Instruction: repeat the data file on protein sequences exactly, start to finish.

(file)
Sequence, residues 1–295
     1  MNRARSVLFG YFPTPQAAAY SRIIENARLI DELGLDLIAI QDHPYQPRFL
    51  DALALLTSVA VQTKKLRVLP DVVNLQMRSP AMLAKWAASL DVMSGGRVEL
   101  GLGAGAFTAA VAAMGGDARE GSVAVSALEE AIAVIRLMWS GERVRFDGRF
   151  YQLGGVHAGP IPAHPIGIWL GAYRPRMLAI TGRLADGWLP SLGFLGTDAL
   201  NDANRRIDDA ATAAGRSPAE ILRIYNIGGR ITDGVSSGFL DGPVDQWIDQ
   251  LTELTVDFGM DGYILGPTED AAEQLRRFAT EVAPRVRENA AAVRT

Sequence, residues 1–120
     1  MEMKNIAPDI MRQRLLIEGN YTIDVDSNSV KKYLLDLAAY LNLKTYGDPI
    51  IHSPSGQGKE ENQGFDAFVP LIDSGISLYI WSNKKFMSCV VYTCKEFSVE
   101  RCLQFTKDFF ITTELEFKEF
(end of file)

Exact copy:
Sequence, residues 1–295
     1  MNRARSVLFG YFPTPQAAAY SRIIENARLI DELGLDLIAI QDHPYQPRFL
    51  DALALLTSVA VQTKKLRVLP DVVNLQMRSP AMLAKWAASL DVMSGGRVEL
   101  GLGAGAFTAA VAAMGGDARE GSVAVSALEE AIAVIRLMWS GERVRFDGRF
   151  YQLGGVHAGP IPAHPIGIWL GAYRPRMLAI TGRLADGWLP SLGFLGTDAL
   201  NDANRRIDDA ATAAGRSPAE ILRIYNIGGR ITDGVSSGFL DGPVDQWIDQ
   251  LTELTVDFGM DGYILGPTED AAEQLRRFAT EVAPRVRENA AAVRT

Sequence, residues 1–120
     1  MEMKNIAPDI MRQRLLIEGN YTIDVDSNSV KKYLLDLAAY LNLKTYGDPI
    51  IHSPSGQGKE ENQGFDAFVP LIDSGISLYI WSNKKFMSCV VYTCKEFSVE
   101  RCLQFTKDFF ITTELEFKEF